Like many others, Washington Wizards forward Rui Hachimura says that he could not have imagined anything like the COVID-19 pandemic, which forced the NBA to suspend its season.
But the Japanese rookie appeared to be in good spirits during a live video chat hosted on the team’s official Twitter account on Tuesday night.
“It’s been crazy,” Hachimura said of the coronavirus that has thrown the world into crisis. “Obviously, I’ve never (gone through) stuff like that, never imagined things like that. But it is what it is and we have to stick together and help each other.”
The 22-year-old began the half-hour session in English before switching to Japanese midway through, looking relaxed as he took questions from fans and media representatives.
With access to gyms and arenas still prohibited for players as the NBA looks for a solution to resume its season, Hachimura said that he has attempted as best as he can to stay in shape, lifting weights and participating in team workouts through an online video system.
“It’s been great. It’s obviously good to work out,” said Hachimura, who in 41 games has averaged 13.4 points, 6.0 rebounds and 1.7 assists in his first NBA campaign. “It’s also good to see my teammates and coaching staff through the Zoom (teleconferencing platform) and stuff. It’s always good to have fun, talk about different things.”
Asked what the hardest part of his first NBA season has been, Hachimura spoke of the tough schedule in the pro circuit, which involves far more games and frequent traveling than he experienced during his time at Gonzaga University.
Hachimura said that beyond the physical challenge, the packed schedule also inflicted a psychological toll.
“I think it’s more about the mental part,” he said. “You played last night and come back out today. And you have to move on, mentally, from whatever happened last night and focus on the next game.”
The 203-cm star of Japan’s Akatsuki Five named James Harden and Carmelo Anthony as players he’s struggled to guard since his debut last October. Harden scored 59 points in the Wizards’ home opener on Oct. 30, in which Houston edged Washington 159-158.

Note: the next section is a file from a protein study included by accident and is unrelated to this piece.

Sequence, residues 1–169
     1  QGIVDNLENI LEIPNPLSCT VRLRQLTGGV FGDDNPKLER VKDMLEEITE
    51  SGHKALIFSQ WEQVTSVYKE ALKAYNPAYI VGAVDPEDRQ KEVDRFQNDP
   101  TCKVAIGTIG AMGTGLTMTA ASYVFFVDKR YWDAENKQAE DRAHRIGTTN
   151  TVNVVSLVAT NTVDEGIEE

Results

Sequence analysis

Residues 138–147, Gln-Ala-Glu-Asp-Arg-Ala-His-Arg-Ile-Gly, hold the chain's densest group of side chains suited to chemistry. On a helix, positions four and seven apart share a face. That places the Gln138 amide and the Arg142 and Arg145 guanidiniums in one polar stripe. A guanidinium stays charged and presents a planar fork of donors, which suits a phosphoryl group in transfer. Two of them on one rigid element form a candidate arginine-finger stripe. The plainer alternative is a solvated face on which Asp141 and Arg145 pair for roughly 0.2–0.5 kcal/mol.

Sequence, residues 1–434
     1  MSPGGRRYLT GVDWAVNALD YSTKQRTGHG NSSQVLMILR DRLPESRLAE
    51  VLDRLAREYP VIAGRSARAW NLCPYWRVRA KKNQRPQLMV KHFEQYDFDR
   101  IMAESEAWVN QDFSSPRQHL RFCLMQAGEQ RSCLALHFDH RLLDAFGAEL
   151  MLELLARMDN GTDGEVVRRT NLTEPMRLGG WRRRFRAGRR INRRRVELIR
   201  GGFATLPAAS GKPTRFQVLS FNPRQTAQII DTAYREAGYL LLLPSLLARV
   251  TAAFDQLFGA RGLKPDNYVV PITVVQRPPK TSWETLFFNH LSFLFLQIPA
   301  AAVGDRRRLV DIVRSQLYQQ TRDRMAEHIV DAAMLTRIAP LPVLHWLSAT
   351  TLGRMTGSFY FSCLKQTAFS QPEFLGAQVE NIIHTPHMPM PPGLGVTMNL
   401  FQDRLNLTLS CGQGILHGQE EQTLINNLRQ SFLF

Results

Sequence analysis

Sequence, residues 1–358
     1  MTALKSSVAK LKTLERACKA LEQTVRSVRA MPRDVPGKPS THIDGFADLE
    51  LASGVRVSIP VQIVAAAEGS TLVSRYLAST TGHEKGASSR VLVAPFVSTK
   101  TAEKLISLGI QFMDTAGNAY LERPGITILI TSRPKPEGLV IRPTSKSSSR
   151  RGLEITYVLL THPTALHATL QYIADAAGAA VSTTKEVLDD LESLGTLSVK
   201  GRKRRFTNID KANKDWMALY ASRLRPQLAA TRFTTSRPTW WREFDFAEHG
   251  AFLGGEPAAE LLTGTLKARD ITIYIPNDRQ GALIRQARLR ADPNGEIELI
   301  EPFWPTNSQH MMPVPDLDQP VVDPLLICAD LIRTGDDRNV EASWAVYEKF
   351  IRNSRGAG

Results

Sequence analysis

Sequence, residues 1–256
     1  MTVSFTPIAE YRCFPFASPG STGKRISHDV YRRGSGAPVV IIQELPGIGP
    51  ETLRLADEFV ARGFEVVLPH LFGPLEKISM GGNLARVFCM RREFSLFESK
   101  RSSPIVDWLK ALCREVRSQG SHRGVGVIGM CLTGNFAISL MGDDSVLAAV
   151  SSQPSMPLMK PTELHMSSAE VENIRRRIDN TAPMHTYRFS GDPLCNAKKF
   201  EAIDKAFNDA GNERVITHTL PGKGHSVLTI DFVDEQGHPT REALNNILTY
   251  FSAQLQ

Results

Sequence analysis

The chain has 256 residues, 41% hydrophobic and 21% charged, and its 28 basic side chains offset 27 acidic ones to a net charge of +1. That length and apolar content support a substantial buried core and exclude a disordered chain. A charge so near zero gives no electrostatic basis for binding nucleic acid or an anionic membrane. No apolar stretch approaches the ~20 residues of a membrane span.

Amazed by the cleverness of Harden, Hachimura said the two-time NBA scoring leader knows “his own spots that he can score.” Anthony, who made his NBA comeback this season for the Portland Trail Blazers, is a player who inspired Hachimura when he started playing basketball in junior high school back in Toyama. Portland beat Washington 125-104 on March 4 — Anthony scored 25 while Hachimura had 11.
“He’s got the range for 3-point shooting, so if you give him space, he hits 3 pointers,” Hachimura said of the 35-year-old forward. “But when you get closer, he’s fast although he’s about the same height as me. So when you allow him to get past you, he could go for a dunk or (do something else). So he was difficult to guard.”
With some comparing him to Los Angeles Clippers forward Kawhi Leonard after last year’s draft — an assessment Wizards teammate Bradley Beal touched on in a recent episode of ESPN’s “The Lowe Post” podcast — Hachimura believes he can learn from the big man, who led the Toronto Raptors to last year’s NBA title.
“The first time I watched him play was when I came to college,” Hachimura said of Leonard. “My coaches told me there’s this player and to do stuff he does. I didn’t know about him before that, but I (grew) to like him and learned how to play, how to use your body by watching tapes.”
Hachimura believes that like Leonard, his versatility will be a key advantage toward becoming a better NBA player down the road.
“It’s been my strength that I can do many different things and whatever position I play at, I can make something positive out of it. And it’s no different in the NBA,” Hachimura said. “When I’m matching up with someone smaller than me, I can push him with my power, and when I’m matching up with someone bigger, I can use my speed and drive past him to get to underneath the basket. I think I’ve been able to do that in the NBA and hopefully, I’ll turn it into an even bigger strength.”
Hachimura responded to more casual questions as well — asked which B. League team he’d like to face in a preseason game, he suggested that a matchup between the Wizards and two-time reigning B. League champions Alvark Tokyo would be intriguing.
“(The Alvark) are one of the better teams in Japan and there are some players that I personally know,” he said. “But player-wise, (Chiba Jets Funabashi guard and Japan teammate) Yuki Togashi is the one that I’d like to have taken on, though.”
At the end of the session, Hachimura sent a message to his Japanese fans frustrated at the restrictions the pandemic has placed on their lives, urging them to stay positive.
“This is a period that makes me sit back and think of different things,” Hachimura said. “Right now, the NBA’s working on getting back (to playing). You have all gone through tough times, but hopefully we can keep sticking together and overcome this crisis.”
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